Toyo Gakuen University began as the Toyo Women's Dental College in 1926, founded on "a philosophy of developing self-reliant women." After World War II, the college was reborn as the Toyo Women's College, a junior college with the goal of "developing self-reliant women, with a focus on liberal arts, English language skills, and international awareness.” In 1992, building on the foundations of history and tradition of the two predecessor institutions, the four-year Toyo Gakuen University was established to meet the needs of modern society. At present, there are academic programs offered by the Faculty of Global Communications, Faculty of Human Sciences, Faculty of Business Administration, and a Graduate School of Business Administration.
Today's world is becoming borderless, and there is no end in sight for the accelerating momentum of globalization. But what is globalization, really? I think it is the ability to consider issues on a worldwide scale, beyond the limits of national borders, and not just thinking about yourself or your own country. I believe that the most important thing is to have a "global mind", the receptiveness to understand and accept the differences between people, countries and cultures. By developing such a perspective, it becomes possible to see the world with a comprehensive view. In some countries the culture and civilization has evolved, and in some countries there is no gas or running water. Shouldn't true globalization mean eliminating this kind of gap? A professor at MIT (Massachusetts Institute of Technology) quit his job and started a research facility, where he developed a $100 computer so that knowledge can reach the isolated areas without electricity or gas supplies. His fully-equipped PC actually delivers education to people living in places where there is little access to information. This way of thinking, the desire to share education and civilization with all the people on earth, seems to truly embody the global mind.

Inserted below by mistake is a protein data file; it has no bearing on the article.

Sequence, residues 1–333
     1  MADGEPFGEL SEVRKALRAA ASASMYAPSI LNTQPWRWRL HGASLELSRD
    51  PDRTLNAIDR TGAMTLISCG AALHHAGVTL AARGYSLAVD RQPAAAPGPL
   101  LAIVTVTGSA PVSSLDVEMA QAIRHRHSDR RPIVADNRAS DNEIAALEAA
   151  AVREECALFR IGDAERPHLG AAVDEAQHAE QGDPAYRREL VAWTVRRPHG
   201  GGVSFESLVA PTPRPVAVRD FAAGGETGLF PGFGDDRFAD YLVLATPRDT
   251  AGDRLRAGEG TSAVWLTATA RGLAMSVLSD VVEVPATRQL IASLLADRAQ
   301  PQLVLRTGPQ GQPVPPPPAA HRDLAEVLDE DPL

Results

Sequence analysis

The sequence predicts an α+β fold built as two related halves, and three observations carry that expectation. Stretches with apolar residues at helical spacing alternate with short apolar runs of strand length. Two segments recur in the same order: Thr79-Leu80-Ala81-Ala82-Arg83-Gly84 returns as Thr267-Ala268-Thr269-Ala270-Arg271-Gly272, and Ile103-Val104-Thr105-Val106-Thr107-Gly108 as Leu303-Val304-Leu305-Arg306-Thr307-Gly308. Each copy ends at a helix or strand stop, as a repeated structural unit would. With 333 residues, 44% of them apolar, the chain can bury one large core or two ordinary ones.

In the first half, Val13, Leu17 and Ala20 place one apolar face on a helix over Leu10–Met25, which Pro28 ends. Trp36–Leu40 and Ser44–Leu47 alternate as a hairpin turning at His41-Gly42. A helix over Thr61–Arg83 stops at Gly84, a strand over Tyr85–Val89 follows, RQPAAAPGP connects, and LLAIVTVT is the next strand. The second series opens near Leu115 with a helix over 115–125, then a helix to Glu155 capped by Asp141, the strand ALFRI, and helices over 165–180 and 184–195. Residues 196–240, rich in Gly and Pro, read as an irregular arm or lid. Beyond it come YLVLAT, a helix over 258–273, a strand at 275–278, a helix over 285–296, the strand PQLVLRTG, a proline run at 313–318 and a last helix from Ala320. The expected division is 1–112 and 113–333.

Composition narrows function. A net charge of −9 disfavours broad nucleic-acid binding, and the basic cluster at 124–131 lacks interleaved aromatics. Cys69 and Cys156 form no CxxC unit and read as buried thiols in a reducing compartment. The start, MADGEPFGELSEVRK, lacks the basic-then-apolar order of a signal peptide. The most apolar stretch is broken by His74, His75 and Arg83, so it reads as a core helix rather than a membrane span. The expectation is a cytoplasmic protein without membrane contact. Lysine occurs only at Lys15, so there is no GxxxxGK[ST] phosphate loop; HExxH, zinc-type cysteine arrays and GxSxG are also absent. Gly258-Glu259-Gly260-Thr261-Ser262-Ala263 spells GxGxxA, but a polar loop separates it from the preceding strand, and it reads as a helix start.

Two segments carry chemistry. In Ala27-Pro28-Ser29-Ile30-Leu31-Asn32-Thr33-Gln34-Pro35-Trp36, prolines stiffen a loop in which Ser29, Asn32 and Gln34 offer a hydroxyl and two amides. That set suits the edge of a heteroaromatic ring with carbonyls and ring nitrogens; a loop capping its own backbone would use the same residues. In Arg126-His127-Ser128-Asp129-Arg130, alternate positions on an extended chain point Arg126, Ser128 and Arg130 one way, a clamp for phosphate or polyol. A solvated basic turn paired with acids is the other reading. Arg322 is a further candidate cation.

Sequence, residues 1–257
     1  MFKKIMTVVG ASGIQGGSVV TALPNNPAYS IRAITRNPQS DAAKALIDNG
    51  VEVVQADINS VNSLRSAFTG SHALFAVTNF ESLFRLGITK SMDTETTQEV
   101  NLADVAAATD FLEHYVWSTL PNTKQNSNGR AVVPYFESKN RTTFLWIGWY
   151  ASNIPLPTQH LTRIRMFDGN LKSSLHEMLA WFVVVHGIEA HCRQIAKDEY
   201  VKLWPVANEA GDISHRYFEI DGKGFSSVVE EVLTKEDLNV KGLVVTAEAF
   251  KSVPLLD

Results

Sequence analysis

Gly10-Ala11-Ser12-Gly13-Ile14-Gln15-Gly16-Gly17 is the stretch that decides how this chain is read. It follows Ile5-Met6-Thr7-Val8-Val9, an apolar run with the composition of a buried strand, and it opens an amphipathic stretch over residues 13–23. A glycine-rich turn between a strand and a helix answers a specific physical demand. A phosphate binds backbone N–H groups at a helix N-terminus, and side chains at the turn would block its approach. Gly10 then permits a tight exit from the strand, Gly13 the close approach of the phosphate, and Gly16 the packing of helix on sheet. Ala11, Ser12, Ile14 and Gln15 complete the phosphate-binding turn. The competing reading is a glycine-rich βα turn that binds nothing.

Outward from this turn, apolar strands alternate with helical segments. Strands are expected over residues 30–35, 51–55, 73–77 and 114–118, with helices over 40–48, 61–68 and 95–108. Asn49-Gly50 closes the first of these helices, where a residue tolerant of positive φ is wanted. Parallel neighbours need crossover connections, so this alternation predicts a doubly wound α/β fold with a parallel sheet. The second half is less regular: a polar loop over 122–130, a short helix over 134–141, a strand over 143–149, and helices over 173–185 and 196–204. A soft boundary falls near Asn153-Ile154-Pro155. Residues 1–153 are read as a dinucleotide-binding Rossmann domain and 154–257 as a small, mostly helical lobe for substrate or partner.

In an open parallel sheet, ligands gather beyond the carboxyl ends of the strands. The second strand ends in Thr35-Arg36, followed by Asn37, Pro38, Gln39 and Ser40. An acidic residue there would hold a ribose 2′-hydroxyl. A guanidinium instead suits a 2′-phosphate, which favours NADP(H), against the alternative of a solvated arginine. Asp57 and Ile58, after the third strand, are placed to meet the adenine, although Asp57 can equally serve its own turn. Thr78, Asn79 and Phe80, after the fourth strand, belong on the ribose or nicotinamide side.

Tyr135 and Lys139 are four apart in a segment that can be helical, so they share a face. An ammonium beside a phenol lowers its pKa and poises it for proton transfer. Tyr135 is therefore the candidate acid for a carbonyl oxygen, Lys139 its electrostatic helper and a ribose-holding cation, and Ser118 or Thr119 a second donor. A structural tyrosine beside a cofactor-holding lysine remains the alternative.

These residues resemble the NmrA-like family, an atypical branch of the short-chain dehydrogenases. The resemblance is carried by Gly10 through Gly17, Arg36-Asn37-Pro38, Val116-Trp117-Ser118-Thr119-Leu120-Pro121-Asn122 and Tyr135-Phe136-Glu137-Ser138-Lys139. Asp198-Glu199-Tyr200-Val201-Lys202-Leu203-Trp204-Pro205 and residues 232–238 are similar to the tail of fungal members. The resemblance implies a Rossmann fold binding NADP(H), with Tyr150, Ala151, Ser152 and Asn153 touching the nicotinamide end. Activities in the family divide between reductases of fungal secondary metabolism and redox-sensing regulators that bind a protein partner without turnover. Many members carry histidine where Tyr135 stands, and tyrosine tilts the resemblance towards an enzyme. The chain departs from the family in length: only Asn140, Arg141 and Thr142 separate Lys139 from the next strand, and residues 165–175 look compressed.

At this university, all students are encouraged to develop a global mind, regardless of their area of study. As the world becomes more urbanized and IT-connected, I would like to ask each of you to stop for a moment and think about what is most important, as a human being. It is my hope that you will learn both the technology and sense needed to succeed in the world, while retaining the Japanese spirit of omotenashi hospitality and a firm belief in mutual cooperation, to become people who actively contribute throughout the world.
Kisako Harada received her master's degree from the Graduate School of Arts and of Meiji University. She served as president of Toyo Women's College, and as Vice-president of Toyo Gakuen University before taking on her current role in 2014. She is affiliated with the Modern Theater Research Association, the English Literary Society of Japan. Her areas of expertise include British and American theater.